Some logos also have some form of icon. These often take an element from the original wordmark such as Facebook and its ‘F’ icon. The advantages of an icon, is that it can be used in isolation in situations where the full logo would be illegible. A good example of this is on Twitter, where your logo needs to fit inside a small square. Social media is so important for brand building today and an icon is the perfect fit for this kind of profile.
Choose an icon only when:
- Your name is too generic, too long, doesn’t translate well globally, or inadvertantly conveys a misleading message.
- You need an emblem on the product, as on a car hood, or a sneaker.
- You need to link subsidiaries to the parent and can’t easily use the name.
- You have a budget for a lot of media, to teach consumers what the symbol means.
Typography is obviously central to a good logo. You have two main routes to choose from: creating your own custom typeface or adapting an existing one.
If you create a custom typeface, try not to make it too stylish or fashionable because it could date quickly. Keep it simple and legible. Consider the words that you’re depicting — if they’re unusual then a simple typeface might work best; if they’re common words then you can usually be more creative as they’re easier to recognise.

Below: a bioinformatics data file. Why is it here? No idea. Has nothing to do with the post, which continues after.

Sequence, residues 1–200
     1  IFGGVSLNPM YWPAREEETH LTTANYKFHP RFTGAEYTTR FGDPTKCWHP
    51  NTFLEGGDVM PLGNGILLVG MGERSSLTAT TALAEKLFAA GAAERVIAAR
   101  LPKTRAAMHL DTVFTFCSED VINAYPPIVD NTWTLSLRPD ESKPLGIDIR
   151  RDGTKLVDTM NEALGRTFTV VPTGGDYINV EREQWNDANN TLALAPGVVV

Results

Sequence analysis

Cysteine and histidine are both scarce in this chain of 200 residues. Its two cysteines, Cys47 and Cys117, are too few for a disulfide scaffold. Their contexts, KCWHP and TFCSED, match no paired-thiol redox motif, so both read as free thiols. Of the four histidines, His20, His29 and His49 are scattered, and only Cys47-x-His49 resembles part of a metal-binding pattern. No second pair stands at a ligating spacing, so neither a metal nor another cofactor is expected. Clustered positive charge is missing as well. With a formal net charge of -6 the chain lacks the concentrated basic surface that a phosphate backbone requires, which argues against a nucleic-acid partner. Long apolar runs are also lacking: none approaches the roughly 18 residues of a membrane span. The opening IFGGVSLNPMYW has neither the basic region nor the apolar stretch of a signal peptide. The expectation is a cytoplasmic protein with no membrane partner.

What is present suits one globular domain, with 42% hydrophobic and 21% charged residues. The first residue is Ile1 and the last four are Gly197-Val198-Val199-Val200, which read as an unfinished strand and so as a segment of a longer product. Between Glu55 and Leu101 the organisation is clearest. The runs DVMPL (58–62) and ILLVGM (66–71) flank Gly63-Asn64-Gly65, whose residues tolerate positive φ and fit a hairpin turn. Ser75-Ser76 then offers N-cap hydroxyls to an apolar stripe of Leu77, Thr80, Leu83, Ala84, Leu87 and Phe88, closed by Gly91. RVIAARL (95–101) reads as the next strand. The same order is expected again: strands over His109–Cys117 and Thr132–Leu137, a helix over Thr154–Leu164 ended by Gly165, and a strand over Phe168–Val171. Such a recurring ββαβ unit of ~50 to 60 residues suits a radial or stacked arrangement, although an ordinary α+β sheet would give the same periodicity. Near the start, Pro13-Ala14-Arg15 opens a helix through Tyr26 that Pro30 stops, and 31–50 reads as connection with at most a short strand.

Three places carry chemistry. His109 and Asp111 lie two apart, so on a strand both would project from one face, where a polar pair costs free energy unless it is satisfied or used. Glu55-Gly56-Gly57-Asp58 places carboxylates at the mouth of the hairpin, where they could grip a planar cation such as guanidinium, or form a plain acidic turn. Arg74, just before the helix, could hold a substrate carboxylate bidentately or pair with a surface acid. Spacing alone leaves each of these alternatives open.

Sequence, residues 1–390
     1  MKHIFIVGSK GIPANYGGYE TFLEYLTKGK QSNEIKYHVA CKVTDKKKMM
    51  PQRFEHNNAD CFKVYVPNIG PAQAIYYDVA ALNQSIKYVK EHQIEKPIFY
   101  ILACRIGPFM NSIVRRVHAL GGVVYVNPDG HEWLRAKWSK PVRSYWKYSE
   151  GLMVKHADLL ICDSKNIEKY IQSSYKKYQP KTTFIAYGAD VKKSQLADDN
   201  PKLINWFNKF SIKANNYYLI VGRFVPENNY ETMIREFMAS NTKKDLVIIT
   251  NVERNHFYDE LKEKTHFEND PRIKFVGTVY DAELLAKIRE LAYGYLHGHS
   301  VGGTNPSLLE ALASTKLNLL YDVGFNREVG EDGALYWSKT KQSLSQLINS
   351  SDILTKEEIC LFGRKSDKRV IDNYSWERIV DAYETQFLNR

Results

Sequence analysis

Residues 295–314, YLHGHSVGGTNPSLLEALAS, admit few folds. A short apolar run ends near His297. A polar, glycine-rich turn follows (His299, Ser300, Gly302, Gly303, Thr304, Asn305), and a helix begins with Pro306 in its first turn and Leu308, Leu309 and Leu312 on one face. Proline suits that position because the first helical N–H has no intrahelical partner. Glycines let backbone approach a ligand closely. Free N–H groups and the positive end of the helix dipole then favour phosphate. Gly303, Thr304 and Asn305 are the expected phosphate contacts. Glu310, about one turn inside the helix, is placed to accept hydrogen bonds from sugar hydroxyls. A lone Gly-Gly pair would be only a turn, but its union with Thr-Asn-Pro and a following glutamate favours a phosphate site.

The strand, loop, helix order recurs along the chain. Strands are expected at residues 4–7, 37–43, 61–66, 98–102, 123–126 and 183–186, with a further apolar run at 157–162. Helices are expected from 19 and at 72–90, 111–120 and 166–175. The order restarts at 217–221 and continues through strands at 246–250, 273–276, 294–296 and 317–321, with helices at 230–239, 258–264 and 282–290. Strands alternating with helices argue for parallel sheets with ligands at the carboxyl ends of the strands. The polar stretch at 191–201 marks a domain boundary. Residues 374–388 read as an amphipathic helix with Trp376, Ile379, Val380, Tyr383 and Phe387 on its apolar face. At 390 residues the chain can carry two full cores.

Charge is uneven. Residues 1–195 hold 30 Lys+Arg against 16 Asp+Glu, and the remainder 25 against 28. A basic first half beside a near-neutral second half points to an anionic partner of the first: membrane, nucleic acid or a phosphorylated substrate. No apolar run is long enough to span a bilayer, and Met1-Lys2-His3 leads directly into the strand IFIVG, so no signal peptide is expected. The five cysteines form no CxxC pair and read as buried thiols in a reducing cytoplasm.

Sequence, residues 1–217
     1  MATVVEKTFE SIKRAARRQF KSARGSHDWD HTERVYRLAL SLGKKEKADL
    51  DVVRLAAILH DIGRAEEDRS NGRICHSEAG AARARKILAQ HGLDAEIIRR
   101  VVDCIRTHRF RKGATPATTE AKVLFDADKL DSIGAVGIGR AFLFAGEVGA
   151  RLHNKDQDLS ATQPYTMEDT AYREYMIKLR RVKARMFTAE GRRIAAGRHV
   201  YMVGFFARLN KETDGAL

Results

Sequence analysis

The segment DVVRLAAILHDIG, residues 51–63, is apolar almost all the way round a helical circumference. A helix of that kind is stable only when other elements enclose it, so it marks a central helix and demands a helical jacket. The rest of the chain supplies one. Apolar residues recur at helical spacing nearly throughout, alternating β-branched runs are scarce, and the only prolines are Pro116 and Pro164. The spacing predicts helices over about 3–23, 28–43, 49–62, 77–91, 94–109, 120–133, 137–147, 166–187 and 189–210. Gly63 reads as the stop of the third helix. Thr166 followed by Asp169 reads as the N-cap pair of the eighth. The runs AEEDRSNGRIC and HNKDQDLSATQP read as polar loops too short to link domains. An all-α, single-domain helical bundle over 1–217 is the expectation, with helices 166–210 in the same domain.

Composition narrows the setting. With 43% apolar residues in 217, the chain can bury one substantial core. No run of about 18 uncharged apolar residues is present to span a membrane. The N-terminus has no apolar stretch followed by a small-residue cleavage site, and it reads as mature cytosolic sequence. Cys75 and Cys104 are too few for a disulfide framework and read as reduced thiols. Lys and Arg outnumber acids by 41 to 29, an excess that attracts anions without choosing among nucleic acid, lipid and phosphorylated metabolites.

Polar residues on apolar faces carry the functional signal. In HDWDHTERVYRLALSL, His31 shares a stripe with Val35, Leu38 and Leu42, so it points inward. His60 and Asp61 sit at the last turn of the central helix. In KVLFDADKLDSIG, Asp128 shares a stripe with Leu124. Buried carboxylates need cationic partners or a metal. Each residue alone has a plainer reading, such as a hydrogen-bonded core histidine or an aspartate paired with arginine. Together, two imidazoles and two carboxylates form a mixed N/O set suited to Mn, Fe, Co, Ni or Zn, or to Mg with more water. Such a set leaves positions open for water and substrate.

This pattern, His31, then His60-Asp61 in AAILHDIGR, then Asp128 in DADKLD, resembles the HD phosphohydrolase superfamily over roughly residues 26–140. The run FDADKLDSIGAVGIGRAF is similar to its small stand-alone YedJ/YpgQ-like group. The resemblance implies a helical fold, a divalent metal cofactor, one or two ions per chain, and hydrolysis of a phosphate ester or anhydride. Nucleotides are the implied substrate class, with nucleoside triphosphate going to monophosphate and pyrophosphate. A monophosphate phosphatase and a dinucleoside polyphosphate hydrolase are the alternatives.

Make the typography match the brand
There is a vast variety of fonts. Each resonates differently in word marks. If you want to convey class and style consider serif faces or elegant scripts. To suggest a forward thinking brand think italics of slanted typefaces. For strength use a heavy weight sans serif or a slab font. It’s not about just looking pretty: matching the qualities of the font to the qualities of the brand is what’s important here.